"

    To the early Christians of the Patristic era, the Logos - the Divine Word and Wisdom of God - incarnate in Christ, is universally active and present in the highest goodness and reason, wherever these are to be found in human culture and creeds, both throughout the world and at all times. Plato, Socrates, Pythagoras, Gautama Buddha and countless others all had a seminal element of the Divine Logos (logos spermatikos), according to this theology of history espoused by Sts. Justin Martyr, Irenaeus of Lyons, and Clement of Alexandria among other Fathers.

    (continued...)

     
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  17. Vouthon

    Vouthon In varietate concordia
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    Nostra Aetate (1965), the Second Vatican Council's Declaration on the Relation of the Church with Non-Christian Religions, adopted the vision and terminology of these early Church Fathers, and thus spoke - like they did millennia ago - of the presence in these religious traditions "of a ray of that Truth which enlightens all":

    Nostra aetate

    DECLARATION ON
    THE RELATION OF THE CHURCH TO NON-CHRISTIAN RELIGIONS

    NOSTRA AETATE

    PROCLAIMED BY HIS HOLINESS
    POPE PAUL VI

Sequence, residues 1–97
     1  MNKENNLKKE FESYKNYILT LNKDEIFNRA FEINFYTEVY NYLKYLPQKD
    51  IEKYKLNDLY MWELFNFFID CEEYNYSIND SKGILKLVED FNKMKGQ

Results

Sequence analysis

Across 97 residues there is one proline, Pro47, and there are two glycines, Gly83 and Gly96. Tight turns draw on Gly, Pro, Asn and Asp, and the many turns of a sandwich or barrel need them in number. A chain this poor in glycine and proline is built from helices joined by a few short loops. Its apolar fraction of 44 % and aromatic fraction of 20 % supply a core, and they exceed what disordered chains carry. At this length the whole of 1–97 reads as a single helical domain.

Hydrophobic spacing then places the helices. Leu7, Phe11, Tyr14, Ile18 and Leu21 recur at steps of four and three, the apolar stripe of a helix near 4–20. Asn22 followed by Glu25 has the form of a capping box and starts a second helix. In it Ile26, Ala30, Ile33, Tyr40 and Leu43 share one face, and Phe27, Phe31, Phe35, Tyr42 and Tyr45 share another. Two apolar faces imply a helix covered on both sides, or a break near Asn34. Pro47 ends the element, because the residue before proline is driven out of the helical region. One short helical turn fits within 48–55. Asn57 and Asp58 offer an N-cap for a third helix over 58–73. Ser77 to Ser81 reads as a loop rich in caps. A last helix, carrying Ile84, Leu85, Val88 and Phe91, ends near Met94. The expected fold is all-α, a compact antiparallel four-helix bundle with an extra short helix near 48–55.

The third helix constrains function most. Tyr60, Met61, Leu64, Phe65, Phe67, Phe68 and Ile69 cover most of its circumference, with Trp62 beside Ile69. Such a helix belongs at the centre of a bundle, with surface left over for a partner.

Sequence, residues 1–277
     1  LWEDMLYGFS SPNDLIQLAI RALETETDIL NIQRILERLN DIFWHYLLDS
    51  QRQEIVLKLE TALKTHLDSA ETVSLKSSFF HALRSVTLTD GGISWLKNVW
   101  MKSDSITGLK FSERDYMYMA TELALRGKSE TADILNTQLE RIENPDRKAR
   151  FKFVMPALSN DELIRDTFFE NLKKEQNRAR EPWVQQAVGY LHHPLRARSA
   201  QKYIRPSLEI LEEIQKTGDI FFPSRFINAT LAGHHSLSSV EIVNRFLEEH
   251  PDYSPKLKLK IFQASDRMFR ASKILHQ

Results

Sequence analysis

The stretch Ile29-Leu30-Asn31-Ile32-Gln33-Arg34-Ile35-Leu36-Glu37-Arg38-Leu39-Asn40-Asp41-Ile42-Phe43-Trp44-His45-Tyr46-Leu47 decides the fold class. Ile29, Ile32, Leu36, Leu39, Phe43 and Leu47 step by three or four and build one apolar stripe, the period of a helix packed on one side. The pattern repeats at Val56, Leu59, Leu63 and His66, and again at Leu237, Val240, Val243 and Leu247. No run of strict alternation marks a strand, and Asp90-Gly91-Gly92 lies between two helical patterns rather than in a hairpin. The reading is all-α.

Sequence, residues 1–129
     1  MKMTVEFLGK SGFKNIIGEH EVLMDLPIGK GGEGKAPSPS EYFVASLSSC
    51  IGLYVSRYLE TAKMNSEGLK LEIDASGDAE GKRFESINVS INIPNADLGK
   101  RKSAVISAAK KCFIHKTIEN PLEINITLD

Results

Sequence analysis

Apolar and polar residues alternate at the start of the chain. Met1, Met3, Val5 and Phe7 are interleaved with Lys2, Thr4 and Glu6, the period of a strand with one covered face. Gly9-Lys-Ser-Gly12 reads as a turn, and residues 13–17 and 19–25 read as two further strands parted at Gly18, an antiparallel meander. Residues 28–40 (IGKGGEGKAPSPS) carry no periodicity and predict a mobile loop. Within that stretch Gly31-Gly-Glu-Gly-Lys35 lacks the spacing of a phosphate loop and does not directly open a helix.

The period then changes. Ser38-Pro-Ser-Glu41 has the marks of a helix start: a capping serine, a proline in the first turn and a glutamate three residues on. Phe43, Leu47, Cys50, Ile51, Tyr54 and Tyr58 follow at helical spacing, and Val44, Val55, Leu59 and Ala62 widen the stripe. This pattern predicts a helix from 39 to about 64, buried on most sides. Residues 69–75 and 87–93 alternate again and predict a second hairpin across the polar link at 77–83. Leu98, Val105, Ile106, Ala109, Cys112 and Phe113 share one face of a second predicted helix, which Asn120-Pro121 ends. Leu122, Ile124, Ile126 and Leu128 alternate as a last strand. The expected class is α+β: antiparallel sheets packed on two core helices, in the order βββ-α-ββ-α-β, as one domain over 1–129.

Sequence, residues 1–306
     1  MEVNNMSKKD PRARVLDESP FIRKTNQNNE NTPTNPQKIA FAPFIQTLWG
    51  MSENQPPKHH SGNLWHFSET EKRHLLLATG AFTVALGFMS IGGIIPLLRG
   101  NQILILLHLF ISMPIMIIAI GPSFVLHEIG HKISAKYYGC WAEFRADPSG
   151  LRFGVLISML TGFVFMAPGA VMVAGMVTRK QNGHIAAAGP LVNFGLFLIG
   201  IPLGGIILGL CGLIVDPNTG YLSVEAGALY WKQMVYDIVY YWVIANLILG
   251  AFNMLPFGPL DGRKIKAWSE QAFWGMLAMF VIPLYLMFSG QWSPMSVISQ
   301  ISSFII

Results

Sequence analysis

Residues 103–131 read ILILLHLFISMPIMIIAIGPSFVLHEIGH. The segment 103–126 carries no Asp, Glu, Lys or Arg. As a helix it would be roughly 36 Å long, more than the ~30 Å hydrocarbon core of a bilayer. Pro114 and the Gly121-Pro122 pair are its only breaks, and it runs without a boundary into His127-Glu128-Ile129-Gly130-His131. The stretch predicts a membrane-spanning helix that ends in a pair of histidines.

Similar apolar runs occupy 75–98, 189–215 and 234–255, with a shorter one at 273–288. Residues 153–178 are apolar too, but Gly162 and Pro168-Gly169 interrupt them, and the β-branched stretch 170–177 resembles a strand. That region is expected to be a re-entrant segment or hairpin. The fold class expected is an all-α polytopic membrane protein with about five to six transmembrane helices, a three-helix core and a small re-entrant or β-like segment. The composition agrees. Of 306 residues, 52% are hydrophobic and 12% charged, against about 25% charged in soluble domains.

ON OCTOBER 28, 1965


    In our time, when day by day mankind is being drawn closer together, and the ties between different peoples are becoming stronger, the Church examines more closely her relationship to non-Christian religions. In her task of promoting unity and love among men, indeed among nations, she considers above all in this declaration what men have in common and what draws them to fellowship.

    One is the community of all peoples, one their origin, for God made the whole human race to live over the face of the earth.(1) One also is their final goal, God. His providence, His manifestations of goodness, His saving design extend to all men,(2) until that time when the elect will be united in the Holy City, the city ablaze with the glory of God, where the nations will walk in His light.(3)

    Men expect from the various religions answers to the unsolved riddles of the human condition, which today, even as in former times, deeply stir the hearts of men: What is man? What is the meaning, the aim of our life? What is moral good, what is sin? Whence suffering and what purpose does it serve? Which is the road to true happiness? What are death, judgment and retribution after death? What, finally, is that ultimate inexpressible mystery which encompasses our existence: whence do we come, and where are we going?